The Sea Area Forecast and marine warnings issued by Met Éireann covers Irish Coastal Waters out to 30 nautical miles, and also includes the Irish Sea.
The Marine Warning zones are indicated on our Marine Weather Services map below.
The Sea Area Forecast
The Sea Area Forecast for 24-hours ahead with an outlook for the following 24-hours is issued by the duty forecaster in Met Éireann 4 times a day; at midnight, 6am, noon and 6pm with relevant Small Craft Warnings/Gales Warnings for that period.
The Meteorological Situation at 09:00UTC (15:00, 21:00, 03:00)
A description of the meteorological situation over Ireland at the stated time and of adjacent weather systems, e.g. depressions, anticyclones or frontal troughs, which are expected to have an influence on the forecast areas during the following 24 hours. Explanation of some terms used here are:-
- Imminent: within 6 hours
- Soon: between 6 and 12 hours
- Later: between 12 and 24 hours
The speed of movement of pressure and frontal systems is described as follows:-
- Slowly: up to 15 knots
- Steadily: 15 to 25 knots
- Rather quickly: 25 to 35 knots
- Rapidly: 35 to 45 knots
- Very Rapidly: greater than 45knots.
The general forecast follows giving wind, weather and visibility for all coastal waters and the Irish Sea.
The wind strength is given in Beaufort Force and wind direction using the 16-point compass.
The following are some terms used in the Forecast and coastal reports:-
- Fine: Dry, mainly sunny day. Clear after dark.
- Fair: Dry, good sunny or clear spells(cloud no more than 3 – 5 okta of medium or low cloud or 6 – 8 okta of high cloud).
- Cloudy: 6 – 8 okta of low or medium cloud.
- Mist: Visibility restricted by water droplets.
- Haze: Visibility restricted by dust or smoke.
Other terms such as rain or hail shower are self explanatory.
descriptions of visibility mean the following:-
- Good: more than 5 nautical miles (9km)
- Moderate: 2 – 5 nm (4 – 9 km)
- Poor: 0.5 to 2 nm (4km)
- Fog: less than 0.5 nm (1,000m)
When significant swell height of greater than 4 metres is expected.
A brief outlook is given for the 24 hours following the period covered by the forecast.
(from a selection of the following stations):
Roches Point Automatic
The coastal reports include:
(a) wind direction on the 16 point compass and speed in knots
(c) visibility in nautical miles and tenths of,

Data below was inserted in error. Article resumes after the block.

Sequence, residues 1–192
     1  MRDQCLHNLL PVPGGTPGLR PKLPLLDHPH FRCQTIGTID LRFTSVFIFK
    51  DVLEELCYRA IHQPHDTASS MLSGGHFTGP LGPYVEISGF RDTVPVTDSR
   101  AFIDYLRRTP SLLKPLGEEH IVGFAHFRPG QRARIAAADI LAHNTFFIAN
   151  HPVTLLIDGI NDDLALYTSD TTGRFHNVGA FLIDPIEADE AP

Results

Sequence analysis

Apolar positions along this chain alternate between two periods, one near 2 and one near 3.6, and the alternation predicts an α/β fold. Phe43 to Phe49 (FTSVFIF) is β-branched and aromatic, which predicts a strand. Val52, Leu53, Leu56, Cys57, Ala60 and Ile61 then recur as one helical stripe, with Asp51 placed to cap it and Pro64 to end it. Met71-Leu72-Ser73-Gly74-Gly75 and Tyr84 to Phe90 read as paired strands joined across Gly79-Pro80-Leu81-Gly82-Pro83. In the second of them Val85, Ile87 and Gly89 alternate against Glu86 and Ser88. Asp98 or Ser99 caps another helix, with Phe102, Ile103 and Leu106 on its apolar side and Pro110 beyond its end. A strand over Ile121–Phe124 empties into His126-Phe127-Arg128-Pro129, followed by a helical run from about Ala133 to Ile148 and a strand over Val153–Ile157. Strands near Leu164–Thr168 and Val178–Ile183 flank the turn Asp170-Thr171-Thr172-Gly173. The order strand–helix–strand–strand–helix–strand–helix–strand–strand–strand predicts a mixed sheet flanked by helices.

(d) pressure in hectopascals (millibars)
(e) pressure tendency, which describes the change in pressure over the past 3 hours, according to this scale:
- 0.0 – 0.4hPa = steady
- 0.5 – 1.9hPa = rising/falling slowly
- 2.0 – 3.4 hPa = rising/ falling
- 3.5 – 5.9 hPa = rising or falling rapidly
- 6.0hPa or greater = rising or falling very rapidly
Wave Heights / State of Sea
The wave height is the vertical distance between the crest and the preceding or following trough. The table below gives a description of the wave system associated with a range of Significant Wave heights. The Significant wave height is defined as the average height of the highest one-third of the waves. (It is very close to the value of wave height given when making visual observations of wave height.)
|Sea State (Descriptive)||Significant Wave Height (in metres)|
|Calm||0 – 0.1|
|Smooth(Wavelets)||0.1 – 0.5|
|Moderate||1.25 – 2.5|
|Rough||2.5 – 4.0|
|Very rough||4.0 – 6.0|
|High||6.0 – 9.0|
|Very High||9.0 – 14.0|
Individual waves in the wave train will have heights in excess of the significant height. The highest wave of all will have a height about twice the significant height.
Gale warnings are issued by Met Éireann for Irish coastal waters, which are regarded as extending 30 miles out from the coastline, and the Irish Sea or part thereof.
Gale Warnings are issued if winds of Beaufort Force 8 are expected, a Status Yellow Marine (Gale) warning will be issued. Strong Gale Warnings are issued if winds of Beaufort Force 9 or frequent gusts of at least 52 knots are expected.
Violent Storm Force Warnings are issued if Beaufort Force 11 or frequent gusts of at least 69 knots are expected, a Status Red Marine (Gale) warning will be issued. Hurricane Force Warnings are issued if winds of greater than 64 knots are expected.
Small Craft Warnings
Media and Commercial Availability of Sea Area Forecasts
The Sea Area Forecast for 24-hours ahead is issued by the duty forecaster in Met Éireann 4 times a day; at midnight, 6am, noon and 6pm with relevant Small Craft Warnings/Gales Warnings for that period. These gale warnings are distributed to RTÉ to be broadcast with the short weather forecast after each News bulletin on the hour. They are also sent to the coastguard for broadcasting on Marine VHF Radio Ch16. The SAF is broadcast live on RTÉ Radio 1 from the Met Éireann studio at five to midnight and two minutes past 6am daily.
As part of our warnings expansion and developments, Met Éireann will now be issuing Small Craft Warnings and Gale warnings for the period 24-hours to 54-hours ahead. These will be displayed on the Warnings page using the new 3-Tab display system. Please subscribe to receive push notifications of these Marine warnings through the Met Éireann App.
The Irish Coast Guard (ICG) Coast Radio Stations.
ICG Coast Radio Stations make a prior announcement of weather forecasts on Marine VHF Radio Ch16 and then broadcast the forecast on the named relevant VHF Radio working channel. Sea Area Forecasts are broadcast every 3 hours beginning at 0103 local time.
i.e. broadcast times are:- 0103, 0403, 0703, 1003, 1303, 1606, 1903, 2203 local time.
Gale Warning broadcasts are also preceded by an announcement on Marine VHF Ch16. They are broadcast on receipt and are repeated at the next one of the following times:- 0033, 0633, 1233 and 1833 local time.
The latest Sea Area Forecast, Small Craft Warning and Gale Warnings (if any) are available on our Warnings page.
Sea Surface Temperature Forecast
The Sea Surface Temperature forecast map is available here for 7 days ahead.